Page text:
The tracks of the Pineapple Express, a nickname for a band of warm, wet Pacific air, are tracing over Northern California, where residents are expected to be soaked with rain through early next week.
“It acts like a river moving through the atmosphere, raining copiously on things below,” said National Weather Service forecaster Diana Henderson. “It’s going to cover everybody.”
The band of air, known as an atmospheric river, is expected to drench residents from the northern San Joaquin Valley to Sacramento with 1 1/2 to 6 inches of rain over the next five days.
The coastal mountains could get 50 mph wind gusts, Henderson said.
The wet band of air is dubbed the Pineapple Express because it originates in Hawaii, Henderson said. After a January so dry it set records -- with exactly zero rainfall in San Francisco -- a cold-weather system in Alaska created a vacuum that pulled the Pineapple Express toward Northern California, Henderson said.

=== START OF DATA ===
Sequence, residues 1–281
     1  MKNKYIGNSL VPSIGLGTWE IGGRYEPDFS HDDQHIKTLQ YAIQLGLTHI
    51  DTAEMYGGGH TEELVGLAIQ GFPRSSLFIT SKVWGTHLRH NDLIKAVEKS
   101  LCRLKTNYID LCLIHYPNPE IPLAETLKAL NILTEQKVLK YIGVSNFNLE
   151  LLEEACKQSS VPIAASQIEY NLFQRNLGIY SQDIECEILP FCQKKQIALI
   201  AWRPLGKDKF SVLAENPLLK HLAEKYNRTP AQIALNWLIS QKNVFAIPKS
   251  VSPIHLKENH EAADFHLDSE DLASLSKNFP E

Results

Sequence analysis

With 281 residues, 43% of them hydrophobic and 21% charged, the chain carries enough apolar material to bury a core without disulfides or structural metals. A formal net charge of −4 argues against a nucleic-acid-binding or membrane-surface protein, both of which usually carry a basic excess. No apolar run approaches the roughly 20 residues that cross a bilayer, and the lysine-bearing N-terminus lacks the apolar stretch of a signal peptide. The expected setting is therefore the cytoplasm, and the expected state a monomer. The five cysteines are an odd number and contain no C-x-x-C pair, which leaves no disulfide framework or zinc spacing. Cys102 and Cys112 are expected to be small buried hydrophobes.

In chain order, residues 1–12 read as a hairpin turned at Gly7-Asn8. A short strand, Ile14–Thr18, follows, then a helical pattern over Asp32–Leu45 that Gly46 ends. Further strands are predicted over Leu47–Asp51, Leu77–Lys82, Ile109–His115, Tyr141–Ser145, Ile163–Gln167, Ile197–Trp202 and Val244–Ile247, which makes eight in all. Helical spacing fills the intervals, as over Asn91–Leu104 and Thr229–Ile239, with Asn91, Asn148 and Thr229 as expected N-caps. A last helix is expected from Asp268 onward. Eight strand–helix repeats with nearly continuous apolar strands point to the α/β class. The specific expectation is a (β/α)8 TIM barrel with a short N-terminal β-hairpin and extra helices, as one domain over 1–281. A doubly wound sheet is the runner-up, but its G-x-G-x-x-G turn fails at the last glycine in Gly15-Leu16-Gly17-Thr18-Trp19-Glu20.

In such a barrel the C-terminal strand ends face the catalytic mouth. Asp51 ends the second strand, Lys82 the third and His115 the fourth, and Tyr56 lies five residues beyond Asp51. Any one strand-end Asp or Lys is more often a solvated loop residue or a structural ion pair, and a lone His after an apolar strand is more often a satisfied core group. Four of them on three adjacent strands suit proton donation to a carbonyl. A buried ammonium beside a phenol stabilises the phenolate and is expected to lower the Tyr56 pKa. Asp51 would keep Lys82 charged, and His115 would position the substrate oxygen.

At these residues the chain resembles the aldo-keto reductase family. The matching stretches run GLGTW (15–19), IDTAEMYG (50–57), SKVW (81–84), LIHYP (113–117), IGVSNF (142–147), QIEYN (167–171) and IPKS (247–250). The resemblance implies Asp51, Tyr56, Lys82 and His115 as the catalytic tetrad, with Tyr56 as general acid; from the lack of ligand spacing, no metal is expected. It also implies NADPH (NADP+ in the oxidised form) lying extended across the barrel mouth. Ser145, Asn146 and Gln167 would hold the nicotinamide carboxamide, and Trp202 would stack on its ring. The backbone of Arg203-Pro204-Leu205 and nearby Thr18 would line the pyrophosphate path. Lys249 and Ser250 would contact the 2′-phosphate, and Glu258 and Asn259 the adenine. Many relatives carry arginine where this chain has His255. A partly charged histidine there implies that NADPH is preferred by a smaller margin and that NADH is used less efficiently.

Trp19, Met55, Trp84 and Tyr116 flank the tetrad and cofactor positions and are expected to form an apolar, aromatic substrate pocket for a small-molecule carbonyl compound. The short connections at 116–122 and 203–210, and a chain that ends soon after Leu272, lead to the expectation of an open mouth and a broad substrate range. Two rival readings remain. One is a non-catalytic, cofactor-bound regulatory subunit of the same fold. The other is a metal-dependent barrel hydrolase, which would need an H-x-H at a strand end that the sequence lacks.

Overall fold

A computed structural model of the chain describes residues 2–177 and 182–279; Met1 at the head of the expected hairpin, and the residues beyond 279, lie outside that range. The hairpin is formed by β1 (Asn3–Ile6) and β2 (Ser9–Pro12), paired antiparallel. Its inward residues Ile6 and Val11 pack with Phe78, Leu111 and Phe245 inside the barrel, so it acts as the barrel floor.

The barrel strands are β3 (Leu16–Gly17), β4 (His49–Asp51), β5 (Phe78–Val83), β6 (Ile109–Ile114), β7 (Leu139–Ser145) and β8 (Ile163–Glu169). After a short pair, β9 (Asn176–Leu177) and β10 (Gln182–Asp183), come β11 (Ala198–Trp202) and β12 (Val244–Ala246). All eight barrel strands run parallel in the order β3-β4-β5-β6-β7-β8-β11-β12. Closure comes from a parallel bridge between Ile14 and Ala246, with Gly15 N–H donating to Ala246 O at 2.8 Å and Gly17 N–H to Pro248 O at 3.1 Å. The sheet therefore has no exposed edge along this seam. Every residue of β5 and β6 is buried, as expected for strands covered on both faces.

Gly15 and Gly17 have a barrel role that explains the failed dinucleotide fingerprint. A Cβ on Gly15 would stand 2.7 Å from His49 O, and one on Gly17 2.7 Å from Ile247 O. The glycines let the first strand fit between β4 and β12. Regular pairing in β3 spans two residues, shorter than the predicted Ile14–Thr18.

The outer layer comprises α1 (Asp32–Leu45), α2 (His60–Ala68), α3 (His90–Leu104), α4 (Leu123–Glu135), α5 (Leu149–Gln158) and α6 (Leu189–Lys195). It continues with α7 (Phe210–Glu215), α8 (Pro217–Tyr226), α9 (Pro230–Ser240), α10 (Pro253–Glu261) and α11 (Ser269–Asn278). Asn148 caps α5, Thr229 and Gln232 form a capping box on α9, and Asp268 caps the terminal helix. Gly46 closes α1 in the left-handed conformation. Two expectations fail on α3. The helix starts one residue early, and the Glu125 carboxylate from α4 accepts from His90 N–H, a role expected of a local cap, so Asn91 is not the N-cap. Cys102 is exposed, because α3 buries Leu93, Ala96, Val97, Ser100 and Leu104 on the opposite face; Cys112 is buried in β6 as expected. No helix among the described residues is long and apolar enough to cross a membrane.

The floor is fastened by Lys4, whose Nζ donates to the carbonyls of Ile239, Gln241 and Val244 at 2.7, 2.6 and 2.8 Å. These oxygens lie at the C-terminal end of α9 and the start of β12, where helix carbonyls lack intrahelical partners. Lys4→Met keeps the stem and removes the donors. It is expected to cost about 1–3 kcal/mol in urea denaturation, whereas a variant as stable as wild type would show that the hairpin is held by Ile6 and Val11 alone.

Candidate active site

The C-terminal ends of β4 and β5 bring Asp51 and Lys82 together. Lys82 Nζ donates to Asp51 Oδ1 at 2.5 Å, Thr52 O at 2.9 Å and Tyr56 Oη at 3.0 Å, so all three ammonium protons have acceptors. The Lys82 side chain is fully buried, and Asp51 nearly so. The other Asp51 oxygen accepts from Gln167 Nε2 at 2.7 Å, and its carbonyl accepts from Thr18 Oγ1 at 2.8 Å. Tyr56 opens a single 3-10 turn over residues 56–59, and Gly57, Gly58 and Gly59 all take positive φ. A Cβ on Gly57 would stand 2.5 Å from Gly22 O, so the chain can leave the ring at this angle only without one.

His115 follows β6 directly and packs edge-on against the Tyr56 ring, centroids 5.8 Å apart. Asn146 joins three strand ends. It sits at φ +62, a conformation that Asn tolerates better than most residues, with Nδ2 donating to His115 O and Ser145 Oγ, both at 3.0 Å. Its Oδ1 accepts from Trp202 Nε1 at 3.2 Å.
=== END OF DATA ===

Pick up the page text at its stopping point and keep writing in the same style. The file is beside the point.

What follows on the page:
Other conditions are going to push the wet weather east toward the Sierra Nevada, where the annual snowpack is a vital source of California’s water.
Unfortunately, the showers headed there this weekend are too warm to add significantly to the snowpack, said meteorologist Eric Kurth, also with the weather service.
“There will be some snow," he said. "It’ll be beneficial; whatever we get is good, but the sheer area is relatively limited.”
Snow levels aren’t expected to drop below 8,000 feet. If it snowed as low as 5,000 feet, he said, that would be a huge help.
The last Pineapple Express to hit California was in mid-December, when a series of storms drenched Southern California and created floods and rockslides.
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